3.3.1. Grain Size

Submicron seed particles are known for enhancing the nucleation and growth of PCD better than micron size grits. So from the seeding efficiency point of view, the discussion is limited to suspension 1 only. Other particle sizes (2, 3, 4 & 5) are not included in Table 4 & Table 5, in order to remove the influence of the “grit size” parameter on the result. When the 4th, 5th and 10th seeding cycle samples, i.e. those prepared with older stock suspension of sub-micron grits, are compared between their pairs (1-4 & 1-4. −1.28 µm & 1.39 µm; 1-5 & 1-5. −1.21 µm & 1.60 µm; 1-10 & 1-10. −1.43 µm & 1.78 µm respectively) as described in Table 2, Table 4 and Table 5), it is found that the samples without substrate pre-treatment produce smaller size PCD grains. Although, this trend is not shown for the sample pairs prepared with fresh stock of seeding suspension (i.e. between samples 1-3 & 1-3. −2.26 µm & 1.60 µm). It is observed that there is difference in grain sizes between pair of samples prepared with or without PT. Sample pairs when seeded with fresh stock of suspension (3rd cycle) they show decrease in grain size (from 2.26 to 1.60 µm), when the sample is pre-treated (Figure 2(a) and Figure 2(b) with Table 2 & Table 5). But the reverse is true for NNP sample seeded with older stock suspensions. So it is seen that successive use of seeding suspension influence significantly the grain sizes of the PCD samples, may be it has stronger influence than PT effect.

In the earlier sub-section 3.2.1, it was noticed that as the cycle number is increased for suspension 3, application of more ultrasonic force disintegrates the diamond seed particle in the suspension, which produces finer PCD microstructure (Table 3). Similar trend is also observed for suspension 1 (Table 2 & Table 4). The grain sizes for sample 1-3 (2.26 µm), 1-4 (1.28 µm) and 1-5 (1.21 µm) gradually diminish with successive use of ultrasonic force. On the other hand just like suspension 3, suspension 1 also has reverse trend of increased grain size (3-9 shows 1.5 µm and 1-10 shows 1.43 µm) for higher seeding cycles. It seems that the recycling of the same suspension has very strong effect on the final PCD characteristics. Although some kind of correlation between successive seeding cycles and final grain size is noticed for without PT samples, but for PT samples no noticeable trend is observed with more or less similar grain sizes (1.39 µm―1-4., 1.41 µm―1-5., 1.60 µm―1-3., 1.78 µm―1-10.). In other words, pre-treatment of substrate surface may overshadow the trends found in successive seeding.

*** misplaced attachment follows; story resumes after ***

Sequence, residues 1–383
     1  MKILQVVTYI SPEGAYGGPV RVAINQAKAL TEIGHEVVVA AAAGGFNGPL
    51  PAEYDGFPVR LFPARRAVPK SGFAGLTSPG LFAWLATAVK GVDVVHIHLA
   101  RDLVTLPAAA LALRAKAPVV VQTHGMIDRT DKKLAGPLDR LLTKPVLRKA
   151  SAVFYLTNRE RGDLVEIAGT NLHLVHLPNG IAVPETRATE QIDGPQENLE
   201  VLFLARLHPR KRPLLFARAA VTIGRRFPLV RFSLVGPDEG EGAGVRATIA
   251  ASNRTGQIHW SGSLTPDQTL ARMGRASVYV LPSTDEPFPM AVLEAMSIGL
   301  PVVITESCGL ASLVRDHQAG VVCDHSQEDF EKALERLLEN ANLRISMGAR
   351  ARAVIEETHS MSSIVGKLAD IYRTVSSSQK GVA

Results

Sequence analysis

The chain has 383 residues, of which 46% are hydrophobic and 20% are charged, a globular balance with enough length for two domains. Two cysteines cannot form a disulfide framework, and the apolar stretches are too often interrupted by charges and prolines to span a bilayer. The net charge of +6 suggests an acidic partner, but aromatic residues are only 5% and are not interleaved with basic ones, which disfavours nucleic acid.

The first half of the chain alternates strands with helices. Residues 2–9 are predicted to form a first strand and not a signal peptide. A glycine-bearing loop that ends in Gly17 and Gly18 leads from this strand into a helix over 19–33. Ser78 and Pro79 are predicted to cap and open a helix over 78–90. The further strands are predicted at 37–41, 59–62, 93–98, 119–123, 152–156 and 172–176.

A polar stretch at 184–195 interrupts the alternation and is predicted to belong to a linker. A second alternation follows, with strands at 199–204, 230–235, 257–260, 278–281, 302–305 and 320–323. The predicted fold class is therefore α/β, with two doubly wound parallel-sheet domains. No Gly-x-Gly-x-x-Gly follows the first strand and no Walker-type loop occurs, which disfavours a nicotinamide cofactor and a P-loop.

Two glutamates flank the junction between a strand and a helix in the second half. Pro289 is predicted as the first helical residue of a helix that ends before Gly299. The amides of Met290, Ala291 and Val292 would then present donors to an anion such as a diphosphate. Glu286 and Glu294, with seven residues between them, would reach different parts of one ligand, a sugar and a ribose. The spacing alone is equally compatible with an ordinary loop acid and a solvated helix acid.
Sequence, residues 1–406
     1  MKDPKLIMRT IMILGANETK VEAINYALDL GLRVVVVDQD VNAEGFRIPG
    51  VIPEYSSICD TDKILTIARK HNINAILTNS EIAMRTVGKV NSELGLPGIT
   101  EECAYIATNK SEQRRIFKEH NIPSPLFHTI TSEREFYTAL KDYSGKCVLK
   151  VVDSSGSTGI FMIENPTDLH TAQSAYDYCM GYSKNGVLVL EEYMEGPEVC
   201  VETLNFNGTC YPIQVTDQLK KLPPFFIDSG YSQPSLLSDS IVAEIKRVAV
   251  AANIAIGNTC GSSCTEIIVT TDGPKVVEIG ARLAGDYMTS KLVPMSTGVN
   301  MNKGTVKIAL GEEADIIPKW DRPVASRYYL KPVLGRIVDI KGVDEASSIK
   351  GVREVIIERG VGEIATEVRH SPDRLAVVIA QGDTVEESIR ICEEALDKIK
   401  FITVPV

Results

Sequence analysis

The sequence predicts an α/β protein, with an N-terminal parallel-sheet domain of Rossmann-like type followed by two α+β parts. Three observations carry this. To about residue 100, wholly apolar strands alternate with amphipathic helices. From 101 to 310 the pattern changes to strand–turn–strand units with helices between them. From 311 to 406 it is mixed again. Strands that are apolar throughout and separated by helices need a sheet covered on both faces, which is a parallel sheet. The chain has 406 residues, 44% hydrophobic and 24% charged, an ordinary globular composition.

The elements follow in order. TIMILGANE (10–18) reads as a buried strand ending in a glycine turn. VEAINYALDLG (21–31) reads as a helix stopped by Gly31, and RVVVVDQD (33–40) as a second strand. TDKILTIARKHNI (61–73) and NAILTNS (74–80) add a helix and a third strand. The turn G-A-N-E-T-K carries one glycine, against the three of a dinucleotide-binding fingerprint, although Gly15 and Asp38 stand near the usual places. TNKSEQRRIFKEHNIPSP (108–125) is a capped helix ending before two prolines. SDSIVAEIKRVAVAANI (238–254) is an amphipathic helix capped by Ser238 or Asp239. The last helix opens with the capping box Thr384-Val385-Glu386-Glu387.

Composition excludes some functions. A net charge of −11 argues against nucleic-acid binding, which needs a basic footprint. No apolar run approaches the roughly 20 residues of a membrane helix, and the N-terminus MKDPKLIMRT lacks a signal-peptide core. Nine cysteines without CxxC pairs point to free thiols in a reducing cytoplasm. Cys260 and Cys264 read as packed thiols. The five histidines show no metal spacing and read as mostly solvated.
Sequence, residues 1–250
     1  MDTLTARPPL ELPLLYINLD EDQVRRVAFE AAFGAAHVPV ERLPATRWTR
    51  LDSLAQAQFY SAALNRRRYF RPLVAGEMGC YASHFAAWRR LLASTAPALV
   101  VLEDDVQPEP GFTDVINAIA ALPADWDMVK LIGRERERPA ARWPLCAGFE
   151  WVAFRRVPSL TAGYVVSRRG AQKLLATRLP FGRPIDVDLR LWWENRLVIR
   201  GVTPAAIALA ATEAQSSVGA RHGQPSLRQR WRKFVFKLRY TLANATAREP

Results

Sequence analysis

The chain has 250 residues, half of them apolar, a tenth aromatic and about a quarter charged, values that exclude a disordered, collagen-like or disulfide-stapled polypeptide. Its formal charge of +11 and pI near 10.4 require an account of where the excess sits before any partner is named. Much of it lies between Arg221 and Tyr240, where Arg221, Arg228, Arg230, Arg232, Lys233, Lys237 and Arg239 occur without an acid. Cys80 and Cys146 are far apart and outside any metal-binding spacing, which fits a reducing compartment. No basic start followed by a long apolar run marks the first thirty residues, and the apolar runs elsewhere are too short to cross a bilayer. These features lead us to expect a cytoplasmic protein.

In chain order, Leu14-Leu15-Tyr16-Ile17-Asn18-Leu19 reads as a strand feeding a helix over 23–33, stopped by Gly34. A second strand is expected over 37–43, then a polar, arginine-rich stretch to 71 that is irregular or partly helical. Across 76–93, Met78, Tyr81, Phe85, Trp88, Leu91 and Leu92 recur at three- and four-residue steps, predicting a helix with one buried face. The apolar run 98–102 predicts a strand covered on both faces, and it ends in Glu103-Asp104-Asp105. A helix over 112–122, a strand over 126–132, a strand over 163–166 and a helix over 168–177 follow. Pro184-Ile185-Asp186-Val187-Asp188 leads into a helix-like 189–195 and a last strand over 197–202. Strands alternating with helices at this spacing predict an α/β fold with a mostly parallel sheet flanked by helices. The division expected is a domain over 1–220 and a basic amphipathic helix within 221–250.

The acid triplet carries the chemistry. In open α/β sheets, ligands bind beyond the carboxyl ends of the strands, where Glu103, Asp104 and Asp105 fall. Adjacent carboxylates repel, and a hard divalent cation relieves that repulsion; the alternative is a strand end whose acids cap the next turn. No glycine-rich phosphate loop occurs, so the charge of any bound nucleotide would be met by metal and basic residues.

3.3.2. Quality & Stress

Table 2, Table 4 and Table 5 also show the Raman results of the PCD coating prepared with suspension 1, both with PT and without PT. It is observed that pre-treatment enhances (comparing each pair, with PT or without PT from Table 2, Table 4 and Table 5) the diamond coating quality, significant one being the samples prepared

Table 5. Raman and grain size data for pretreated (PT) PCD samples seeded.

using 10 successive seeding where PT enhances the quality from 60% (1-10) to 90% (1-10.). More than 90% is the average quality of the PCD coating of the PT samples. But one interesting trend is that the surface pre- treatment enhances the internal stress to a significant extent (exception 1-5 pair). The explanation may be that the nature of stress present is found to be tensile. Tensile stress arises due to generation of defects during growth. The defects may be points, vacancy, dislocation, grain boundary etc. It is to be understood that the pre-treated surface produces diamond films with more growth defects. PT produces soft carbon film before diamond CVD growth. This carbon film supplies carbon atoms during diamond crystal formation in the early stages of nucleation and growth. Now when a crystal is forming from an amorphous source of carbon atoms, it is already creating vacancy in the underlying carbon film, which also influences Raman signal to significant level. If we consider the effect of successive seeding on PT results, it is found that fresh stock of suspensions (1-3 & 1-3. ?3.88 cm1 & 5.46 cm1; 1-4 & 1-4. ?4.72 cm1 & 7.16 cm1) increase the FWHM values (decrease crystallinity) for samples with PT, whereas, the older stocks of seeding suspension (1-5 & 1-5. ?7.4 cm1 & 4.45 cm1; 1-8 & 1-8. ?8.03 cm1 & 4.75 cm1; 1-10 & 1-10. ?10.84 cm1 & 6.19 cm1) decrease the FWHM values (better crystals) between pair of samples with PT. General understanding is that PT enhances nucleation or helps in faster initial growth or coverage of the silicon substrate by creating a soft carbon film which supplies carbon atoms during nucleation and initial CVD growth of diamond. Sample pairs 1-5, 1-8, 1-10 seem to show expected result of improving quality and crystallinity with PT, whereas the sample pairs 1-3 and 1-4 showed the reverse trend. Here, the role of successive seeding is supplementing the influence of PT on diamond nucleation and growth.

3.4. NNP Grown PCD Microstructure and Quality-Coalescence